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His Writing Radicalized Young Hackers. Now He Wants to Redeem Them

The Department of Homeland
this Manhattan Project
the Electronic Frontier Foundation
Cypherpunks Mailing List
Guardian Project
the Republican National Convention to Tibetan
New York University's Interactive Telecommunications Program
the Electronic Frontier Foundation’s
Threat Lab
Condé Nast
Affiliate Partnerships

Andy GreenbergTo
Cory Doctorow’s
Marcus Yallow
Masha Maximow
Robert Oppenheimers
John Gilmore
Tim May’s
Eric Hughes’ “
Nathan Freitas
Harlo Holmes
Aaron Swartz
Laura Poitras
Glenn Greenwald
Ewan MacAskill
Edward Snowden
Little Brother
Eva Galperin
Marcus Yallow’s

Eastern European

Attack Surface’s
Mission District

the Bay Bridge

San Francisco
Mexico City
San Francisco’s
Hong Kong
the Soviet Union

the Freedom of the Press Foundation

Positivity     44.00%   
   Negativity   56.00%
The New York Times
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To assuage her guilt, she starts helping the dissidents, too, building surveillance systems by day and advising idealistic young rebels on how to defeat them by night—even while knowing that they’re almost certainly doomed, that the technological terrain has put them at an impossible disadvantage.In Little Brother, the series’ first book, Doctorow’s narrator was the idealistic and ultimately naive crypto-rebel Marcus Yallow. And he argues that second perspective may be far more relatable: His latest book is designed not for the fresh-faced Marcuses who are still ethically unblemished, but for the far larger population of Mashas who have already made moral compromises in their tech careers—who already work at a privacy-invasive social media giant, an adtech firm, a surveillance contractor, or an intelligence agency.“I want to reach people who are maybe belated Robert Oppenheimers, who are thinking about whether or not it's a good idea to be running this Manhattan Project to manipulate people or spy on people or control people,” Doctorow told WIRED in an interview last week ahead of Attack Surface’s release. “It was the world I had lived in since 9/11,” says Freitas, who at the time had left a job as a developer for mobile device firm Palm to become a pro bono security consultant, working on behalf of every underdog from protestors at the Republican National Convention to Tibetan monks demonstrating against Chinese rule.Little Brother quickly became the book Freitas tried to convince every young technologist to read, to recruit them into a more political use of cryptography and hacking. “It informed my thoughts around how privacy should work, the interplay between movement activists, technology and the law, and what you should look out for when inviting technologies into your life to do that movement building.” Holmes’ final project for Freitas’ class was a smartphone camera tool she called “A Bigger Brother,” which has since evolved into Informacam, designed to pull in phone sensor data and embed it in images to prove the authenticity of photos taken by protestors, such as images documenting police violence.In February of 2013, Doctorow published another Little Brother book titled Homeland. The idea that now, whenever someone sits down to make a choice—do I take power away from users or do I give it to them?—Little Brother might be weighing on their conscience, that is an awesome responsibility and a source of incredible pride.”Snowden himself says he's been reading Doctorow since his early 20s, long before Poitras handed him that copy of the second Little Brother book. “A bunch of people who grew up reading Little Brother, imagining that they would become revolutionaries, woke up one day and realized that they're not revolutionaries, that in fact they're helping to make things worse, that they're part of a system that harms people,” says Eva Galperin, a longtime digital activist and head of the Electronic Frontier Foundation’s Threat Lab. Galperin serves in part as the inspiration for Masha’s character—both hackers, fictional and nonfictional, were born in the Soviet Union but grew up in San Francisco with immigrant parents.But Galperin sees Masha also in her idealistic friends who went to work for Facebook or Palantir or government agencies, vowing to change them from the inside but finding themselves changed instead. At times it seems to even flirt with defeatism, conceding that all the techniques that worked to stop mass surveillance in Little Brother become useless the instant a sophisticated adversary has identified you as a subject for targeted surveillance.At one point, Doctorow writes in Masha’s voice about the hero of his earlier works in a passage that might also be read as Doctorow berating his past self:“What I truly hated about Marcus Yallow, above all else, was this: He gave people hope when no hope was called for.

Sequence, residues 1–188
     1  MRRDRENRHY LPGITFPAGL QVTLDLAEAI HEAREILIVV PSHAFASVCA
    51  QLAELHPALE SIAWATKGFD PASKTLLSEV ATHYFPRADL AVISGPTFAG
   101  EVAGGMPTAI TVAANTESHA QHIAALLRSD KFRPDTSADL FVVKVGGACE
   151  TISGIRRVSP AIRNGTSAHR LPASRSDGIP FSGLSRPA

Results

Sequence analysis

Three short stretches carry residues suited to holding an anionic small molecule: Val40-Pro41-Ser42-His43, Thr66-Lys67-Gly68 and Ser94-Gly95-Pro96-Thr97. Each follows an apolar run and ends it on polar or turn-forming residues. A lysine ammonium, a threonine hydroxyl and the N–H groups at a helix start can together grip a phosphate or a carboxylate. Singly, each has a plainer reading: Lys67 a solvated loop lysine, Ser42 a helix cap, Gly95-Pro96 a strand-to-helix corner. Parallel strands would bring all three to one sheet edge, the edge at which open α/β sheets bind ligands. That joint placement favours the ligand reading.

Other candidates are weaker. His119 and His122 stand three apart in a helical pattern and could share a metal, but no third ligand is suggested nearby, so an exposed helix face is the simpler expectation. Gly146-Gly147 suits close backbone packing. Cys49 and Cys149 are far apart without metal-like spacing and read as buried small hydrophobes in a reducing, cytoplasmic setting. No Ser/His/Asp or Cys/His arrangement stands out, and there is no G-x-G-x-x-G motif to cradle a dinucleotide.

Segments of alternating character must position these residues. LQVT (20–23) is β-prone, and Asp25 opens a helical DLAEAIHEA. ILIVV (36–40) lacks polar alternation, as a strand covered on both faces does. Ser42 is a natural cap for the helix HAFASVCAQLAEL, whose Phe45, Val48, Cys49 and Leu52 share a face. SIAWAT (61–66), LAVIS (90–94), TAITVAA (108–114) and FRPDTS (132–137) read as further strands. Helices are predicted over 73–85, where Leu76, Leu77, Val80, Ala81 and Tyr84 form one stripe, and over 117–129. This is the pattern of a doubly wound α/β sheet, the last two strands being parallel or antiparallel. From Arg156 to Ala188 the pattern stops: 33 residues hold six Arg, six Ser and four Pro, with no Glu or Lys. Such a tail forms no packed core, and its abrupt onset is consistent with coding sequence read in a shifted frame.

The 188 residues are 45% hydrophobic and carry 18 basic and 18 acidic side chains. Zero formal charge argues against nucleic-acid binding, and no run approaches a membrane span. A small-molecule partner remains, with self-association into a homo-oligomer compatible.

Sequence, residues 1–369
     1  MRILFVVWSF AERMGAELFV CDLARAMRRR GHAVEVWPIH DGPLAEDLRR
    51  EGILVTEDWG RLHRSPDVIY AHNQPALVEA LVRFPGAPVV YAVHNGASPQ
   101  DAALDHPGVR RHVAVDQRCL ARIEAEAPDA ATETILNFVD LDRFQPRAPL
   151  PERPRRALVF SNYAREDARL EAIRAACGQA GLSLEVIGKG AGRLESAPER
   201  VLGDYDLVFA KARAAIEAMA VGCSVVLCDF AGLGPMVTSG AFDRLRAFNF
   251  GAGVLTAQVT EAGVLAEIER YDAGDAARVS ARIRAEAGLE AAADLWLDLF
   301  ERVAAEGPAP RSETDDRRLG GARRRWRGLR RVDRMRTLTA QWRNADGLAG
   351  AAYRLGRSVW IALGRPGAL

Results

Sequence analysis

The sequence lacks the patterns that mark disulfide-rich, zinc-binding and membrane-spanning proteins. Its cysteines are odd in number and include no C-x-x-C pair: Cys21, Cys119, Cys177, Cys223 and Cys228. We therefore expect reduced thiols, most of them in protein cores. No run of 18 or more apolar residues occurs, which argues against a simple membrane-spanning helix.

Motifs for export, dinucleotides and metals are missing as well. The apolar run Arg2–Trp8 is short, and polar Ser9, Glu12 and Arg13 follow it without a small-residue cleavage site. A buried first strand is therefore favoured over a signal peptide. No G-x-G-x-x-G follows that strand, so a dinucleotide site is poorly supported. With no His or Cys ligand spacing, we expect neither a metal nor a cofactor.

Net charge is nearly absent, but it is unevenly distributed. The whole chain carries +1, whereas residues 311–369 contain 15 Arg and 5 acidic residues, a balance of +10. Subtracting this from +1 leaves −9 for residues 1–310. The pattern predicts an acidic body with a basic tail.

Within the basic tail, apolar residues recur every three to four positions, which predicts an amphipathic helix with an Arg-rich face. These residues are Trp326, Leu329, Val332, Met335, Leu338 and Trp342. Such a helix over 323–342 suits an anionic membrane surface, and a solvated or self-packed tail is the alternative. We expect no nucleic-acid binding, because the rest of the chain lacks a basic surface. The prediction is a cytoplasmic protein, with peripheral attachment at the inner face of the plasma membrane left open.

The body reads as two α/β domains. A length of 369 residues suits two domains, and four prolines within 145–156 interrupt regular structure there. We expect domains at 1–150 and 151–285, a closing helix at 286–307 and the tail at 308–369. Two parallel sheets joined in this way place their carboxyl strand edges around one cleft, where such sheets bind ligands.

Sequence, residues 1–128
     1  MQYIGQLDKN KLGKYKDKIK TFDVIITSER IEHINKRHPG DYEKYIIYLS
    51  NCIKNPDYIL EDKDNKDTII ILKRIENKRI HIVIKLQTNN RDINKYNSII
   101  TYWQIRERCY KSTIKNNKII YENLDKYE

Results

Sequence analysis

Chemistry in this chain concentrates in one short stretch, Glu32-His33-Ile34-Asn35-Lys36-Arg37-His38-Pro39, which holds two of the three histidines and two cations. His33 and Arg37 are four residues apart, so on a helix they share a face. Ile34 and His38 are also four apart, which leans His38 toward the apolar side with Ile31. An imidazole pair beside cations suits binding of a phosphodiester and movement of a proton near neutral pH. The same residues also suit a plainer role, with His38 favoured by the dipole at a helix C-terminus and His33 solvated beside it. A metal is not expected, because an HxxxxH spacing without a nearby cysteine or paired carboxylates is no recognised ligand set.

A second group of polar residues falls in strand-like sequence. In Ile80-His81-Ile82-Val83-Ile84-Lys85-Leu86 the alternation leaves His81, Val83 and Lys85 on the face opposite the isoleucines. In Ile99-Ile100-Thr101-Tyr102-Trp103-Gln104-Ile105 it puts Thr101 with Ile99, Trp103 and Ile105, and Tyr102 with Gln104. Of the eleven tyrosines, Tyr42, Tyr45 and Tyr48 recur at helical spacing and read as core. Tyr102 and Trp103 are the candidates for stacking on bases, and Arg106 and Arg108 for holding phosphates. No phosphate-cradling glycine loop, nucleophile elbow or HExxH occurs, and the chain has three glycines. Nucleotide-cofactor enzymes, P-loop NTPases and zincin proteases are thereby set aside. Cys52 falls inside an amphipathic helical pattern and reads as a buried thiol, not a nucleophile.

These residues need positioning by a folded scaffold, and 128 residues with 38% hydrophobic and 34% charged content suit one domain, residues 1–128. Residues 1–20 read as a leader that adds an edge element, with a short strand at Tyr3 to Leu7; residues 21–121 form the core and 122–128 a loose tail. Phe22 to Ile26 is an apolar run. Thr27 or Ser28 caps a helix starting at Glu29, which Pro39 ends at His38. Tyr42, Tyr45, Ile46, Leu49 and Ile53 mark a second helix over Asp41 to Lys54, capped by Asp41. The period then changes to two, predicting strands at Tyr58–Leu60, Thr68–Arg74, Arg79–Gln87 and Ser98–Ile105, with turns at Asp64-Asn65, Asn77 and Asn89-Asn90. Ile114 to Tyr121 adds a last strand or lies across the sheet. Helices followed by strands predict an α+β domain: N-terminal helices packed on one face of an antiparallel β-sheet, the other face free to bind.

As said here by Wired